Advertisement

BMC Anesthesiology

, 18:180 | Cite as

Glycated hemoglobin A1c level on the day of emergency surgery is a marker of premorbid glycemic control: a retrospective observational study

  • Mai Hokka
  • Moritoki Egi
  • Satoshi Mizobuchi
Open Access
Research article
Part of the following topical collections:
  1. Perioperative medicine and outcome

Abstract

Background

Current international guideline recommends to maintain blood glucose level ≤ 180 mg/dL in acute ill patients, irrespective of presence of premorbid diabetes. However, there are studies suggested that optimal acute glycemic control should be adjusted according to premorbid glycemic control in patients with chronic hyperglycemia. Accordingly, to obtain the information of premorbid glycemic control would be relevant. However, the HbA1c level on the day of the emergency operation (HbA1c-ope) might not be useful as a surrogate of premorbid chronic glycemic control, since glucose metabolism can be affected by inflammation, severity of illness and surgical invasion.

Methods

We hypothesized that HbA1c-ope reflects pre-morbid glycemic control. To assess this hypothesis, we conducted a single-center retrospective observational study to assess the association between HbA1c-ope and HbA1c level measured within 30 days before the operation (HbA1c-pre). We screened patients who had been admitted to the ICU of our hospital after emergency surgery during the period from January 2008 to December 2016. Patients in whom both of HbA1c-ope and HbA1c-pre were measured were included in this study. We compared HbA1c-ope and HbA1c-pre using the paired t-test. The correlation between the two HbA1c measurements was assessed using Pearson’s correlation coefficient. Its agreement was assessed using the Bland-Altman approach with 95% confidence intervals.

Results

We included 48 patients in this study. The mean value of HbA1c-pre was 6.3%, which was not significantly different from the mean value of 6.2% for HbA1c-ope (p = 0.12). There was a significant correlation between HbA1c-pre and HbA1c-ope (r2 = 0.70, p < 0.001). The mean difference between two HbA1c measurements was 0.12% (95% CI: -0.03% to 0.27%). The limit of agreement ranged from − 0.9% to +1.1%.

Conclusions

We found that there was a significant correlation between HbA1c-ope and HbA1c-pre. Our findings suggest that HbA1c-ope can be used to estimate previous glycemic control with an acceptable degree of accuracy, enabling personalized glycemic control in the perioperative period.

Keywords

Emergency surgery Premorbid glycemic control Glycated hemoglobin A1c 

Abbreviations

ASA

American Society of Anesthesiology

CI

Confidential interval

DM

Diabetes mellitus

HbA1c-ope

HbA1c level measured on the day of the emergency operation

HbA1c-pre

HbA1c level measured within 30 days before the operation

ICU

Intensive care unit

Background

According to the results of NICE-SUGAR trial [1] and subsequent meta-analysis [2], international guideline recommends to maintain blood glucose level ≤ 180 mg/dL irrespective of presence of premorbid diabetes [3]. However, there have been a number of studies showing that the association of acute glycemic control with worsened outcomes was altered in patients with diabetes mellitus [4]. There was an inverse relationship of average glycemic control in the ICU with mortality outcomes in patients with high HbA1c but not in patients with low HbA1c [5]. These observations lead to the hypothesis that glucose concentrations, which might be considered safe and desirable in other ICU patients, might be undesirable and optimal blood glucose concentration might be higher in critically ill patients with the presence of chronic hyperglycemia. In fact, there were sequential-period exploratory studies which reported that liberal glucose control (target glycemia: < 14 mmol/L) appears to attenuate glycemic variability and may reduce the prevalence of moderate-severe hypoglycemia in compared with standard care (< 10 mmol/L) in acute ill patients with chronic hyperglycemia (HbA1c ≥ 7.0%) [6, 7].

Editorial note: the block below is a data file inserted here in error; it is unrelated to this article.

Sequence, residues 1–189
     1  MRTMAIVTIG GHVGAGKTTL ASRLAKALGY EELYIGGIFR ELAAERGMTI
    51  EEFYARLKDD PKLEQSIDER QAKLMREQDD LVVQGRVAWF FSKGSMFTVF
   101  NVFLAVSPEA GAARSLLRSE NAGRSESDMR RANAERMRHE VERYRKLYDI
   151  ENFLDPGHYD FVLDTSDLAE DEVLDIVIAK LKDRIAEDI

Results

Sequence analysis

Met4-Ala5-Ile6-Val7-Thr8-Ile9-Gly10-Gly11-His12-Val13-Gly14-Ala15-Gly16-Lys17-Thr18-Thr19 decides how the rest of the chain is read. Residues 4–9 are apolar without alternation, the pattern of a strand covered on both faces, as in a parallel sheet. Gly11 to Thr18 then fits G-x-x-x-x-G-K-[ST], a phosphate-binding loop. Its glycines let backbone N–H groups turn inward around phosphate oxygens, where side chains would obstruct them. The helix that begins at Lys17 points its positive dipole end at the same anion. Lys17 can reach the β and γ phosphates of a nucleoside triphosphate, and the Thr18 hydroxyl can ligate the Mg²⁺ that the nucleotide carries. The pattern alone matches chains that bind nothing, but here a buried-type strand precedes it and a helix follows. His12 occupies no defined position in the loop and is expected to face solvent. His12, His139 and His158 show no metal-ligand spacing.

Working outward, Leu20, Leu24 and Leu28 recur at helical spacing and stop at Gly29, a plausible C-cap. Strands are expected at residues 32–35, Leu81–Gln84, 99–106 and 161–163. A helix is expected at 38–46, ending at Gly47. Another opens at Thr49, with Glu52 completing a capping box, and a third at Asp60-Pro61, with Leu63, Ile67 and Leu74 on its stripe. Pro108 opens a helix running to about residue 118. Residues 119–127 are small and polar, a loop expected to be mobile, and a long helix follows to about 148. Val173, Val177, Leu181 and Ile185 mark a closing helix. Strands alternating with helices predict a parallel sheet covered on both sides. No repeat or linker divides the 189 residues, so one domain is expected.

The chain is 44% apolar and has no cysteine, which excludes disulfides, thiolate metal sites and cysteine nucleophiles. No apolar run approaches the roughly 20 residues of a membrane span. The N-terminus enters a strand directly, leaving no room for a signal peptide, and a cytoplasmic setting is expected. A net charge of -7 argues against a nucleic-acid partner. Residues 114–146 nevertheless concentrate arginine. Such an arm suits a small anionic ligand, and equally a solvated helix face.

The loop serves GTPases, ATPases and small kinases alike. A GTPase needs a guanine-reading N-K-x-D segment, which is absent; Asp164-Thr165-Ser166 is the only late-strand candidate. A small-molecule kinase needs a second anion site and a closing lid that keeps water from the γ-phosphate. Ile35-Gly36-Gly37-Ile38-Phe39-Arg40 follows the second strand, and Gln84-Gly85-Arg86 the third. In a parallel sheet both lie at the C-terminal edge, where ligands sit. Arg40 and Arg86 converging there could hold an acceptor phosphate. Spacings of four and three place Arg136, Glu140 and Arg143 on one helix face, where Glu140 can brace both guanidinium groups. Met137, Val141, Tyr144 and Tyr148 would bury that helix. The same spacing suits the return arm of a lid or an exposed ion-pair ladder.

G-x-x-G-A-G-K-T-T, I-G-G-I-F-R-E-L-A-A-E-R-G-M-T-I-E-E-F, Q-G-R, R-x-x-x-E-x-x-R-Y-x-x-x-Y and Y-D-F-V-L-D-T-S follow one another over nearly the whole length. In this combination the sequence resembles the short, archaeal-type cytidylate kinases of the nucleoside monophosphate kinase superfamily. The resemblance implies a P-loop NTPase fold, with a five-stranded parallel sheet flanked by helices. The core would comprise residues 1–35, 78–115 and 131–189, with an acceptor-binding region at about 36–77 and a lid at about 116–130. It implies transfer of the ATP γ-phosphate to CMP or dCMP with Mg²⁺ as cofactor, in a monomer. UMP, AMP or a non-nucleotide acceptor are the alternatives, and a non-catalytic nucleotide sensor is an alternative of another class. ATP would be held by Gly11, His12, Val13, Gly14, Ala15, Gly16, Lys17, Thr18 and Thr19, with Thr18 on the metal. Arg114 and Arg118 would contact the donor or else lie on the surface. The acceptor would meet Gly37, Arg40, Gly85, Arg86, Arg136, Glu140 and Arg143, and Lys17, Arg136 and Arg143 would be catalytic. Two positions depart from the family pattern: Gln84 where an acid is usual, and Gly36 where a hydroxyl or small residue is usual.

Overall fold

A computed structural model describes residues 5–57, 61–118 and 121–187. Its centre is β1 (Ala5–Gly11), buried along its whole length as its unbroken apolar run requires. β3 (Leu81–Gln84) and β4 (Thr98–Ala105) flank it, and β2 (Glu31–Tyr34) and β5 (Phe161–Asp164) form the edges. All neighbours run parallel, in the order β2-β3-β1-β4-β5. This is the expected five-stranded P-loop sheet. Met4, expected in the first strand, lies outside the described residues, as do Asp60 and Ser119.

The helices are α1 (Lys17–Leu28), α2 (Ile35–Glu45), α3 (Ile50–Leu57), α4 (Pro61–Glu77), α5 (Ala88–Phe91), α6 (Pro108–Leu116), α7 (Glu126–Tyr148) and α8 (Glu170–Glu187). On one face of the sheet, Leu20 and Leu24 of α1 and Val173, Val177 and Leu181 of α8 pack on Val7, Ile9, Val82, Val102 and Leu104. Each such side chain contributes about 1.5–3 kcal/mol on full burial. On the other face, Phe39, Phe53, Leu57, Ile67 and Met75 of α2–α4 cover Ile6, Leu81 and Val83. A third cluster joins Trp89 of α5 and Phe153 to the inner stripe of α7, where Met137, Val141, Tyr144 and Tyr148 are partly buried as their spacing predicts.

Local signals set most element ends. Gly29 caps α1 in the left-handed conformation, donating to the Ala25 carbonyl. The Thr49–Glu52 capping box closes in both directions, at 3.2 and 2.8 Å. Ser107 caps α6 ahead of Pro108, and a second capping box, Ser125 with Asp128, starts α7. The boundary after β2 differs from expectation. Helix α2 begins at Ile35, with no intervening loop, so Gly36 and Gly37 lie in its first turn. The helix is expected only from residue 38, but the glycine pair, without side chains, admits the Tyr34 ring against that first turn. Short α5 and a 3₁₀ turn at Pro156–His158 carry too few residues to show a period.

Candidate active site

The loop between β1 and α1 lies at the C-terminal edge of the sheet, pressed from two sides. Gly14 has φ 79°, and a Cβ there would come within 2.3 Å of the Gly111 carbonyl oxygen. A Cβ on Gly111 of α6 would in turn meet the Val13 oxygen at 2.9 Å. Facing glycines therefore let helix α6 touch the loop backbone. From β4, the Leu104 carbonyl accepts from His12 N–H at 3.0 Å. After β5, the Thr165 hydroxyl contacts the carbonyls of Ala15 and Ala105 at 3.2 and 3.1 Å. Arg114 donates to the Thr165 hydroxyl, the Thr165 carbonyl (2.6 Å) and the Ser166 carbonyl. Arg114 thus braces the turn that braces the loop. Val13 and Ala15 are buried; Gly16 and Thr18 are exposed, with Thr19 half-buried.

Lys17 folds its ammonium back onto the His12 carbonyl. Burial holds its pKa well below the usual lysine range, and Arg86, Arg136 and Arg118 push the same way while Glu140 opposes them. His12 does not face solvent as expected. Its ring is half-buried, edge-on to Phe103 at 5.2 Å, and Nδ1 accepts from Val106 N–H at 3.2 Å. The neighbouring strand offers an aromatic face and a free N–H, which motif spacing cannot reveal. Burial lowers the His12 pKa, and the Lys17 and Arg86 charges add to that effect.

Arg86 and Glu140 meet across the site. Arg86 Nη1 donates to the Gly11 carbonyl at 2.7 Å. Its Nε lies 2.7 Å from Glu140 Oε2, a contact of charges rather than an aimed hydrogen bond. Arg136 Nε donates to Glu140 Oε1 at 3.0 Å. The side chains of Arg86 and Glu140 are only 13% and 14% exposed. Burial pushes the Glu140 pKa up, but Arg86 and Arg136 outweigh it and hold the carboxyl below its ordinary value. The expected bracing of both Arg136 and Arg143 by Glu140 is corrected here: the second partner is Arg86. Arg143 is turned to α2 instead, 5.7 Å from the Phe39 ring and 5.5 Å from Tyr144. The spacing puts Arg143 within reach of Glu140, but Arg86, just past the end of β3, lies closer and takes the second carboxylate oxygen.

Considering the above findings, it might be important to determine the degree of chronic hyperglycemia in patients receiving an emergency operation and subsequent intensive care [8]. However, in the perioperative period, secretion of stress hormones and cytokines may be influenced by inflammation, severity of the condition and surgical invasion, which may affect glucose metabolism and result in glycemic derangement [9]. Thus, there may be concern to use the HbA1c level on the day of the emergency operation (HbA1c-ope) as a surrogate of premorbid chronic glycemic control, since such an alteration of glycemic control in an acute illness setting may also affect HbA1c level [9]. It is unfortunate, there has been no study carried out to determine HbA1c-ope reflects pre-morbid glycemic control in such patients.

Accordingly, we hypothesized that HbA1c-ope reflects pre-morbid glycemic control. To assess this hypothesis we conducted a single-center retrospective observational study to assess the association between HbA1c-ope and HbA1c level measured within 30 days before the operation (HbA1c-pre).

Methods

Design

This single-center retrospective observational study was approved by Kobe University Hospital Ethics Committee (Approved No. 1587). The committee waived the need for informed consent for studies involving the use of a database.

Setting and participants

We screened patients who had been admitted to the ICU of our hospital after emergency surgery during the period from January 2009 to September 2015. Patients in whom both of HbA1c-ope and HbA1c-pre were measured were included in this study.

Data collection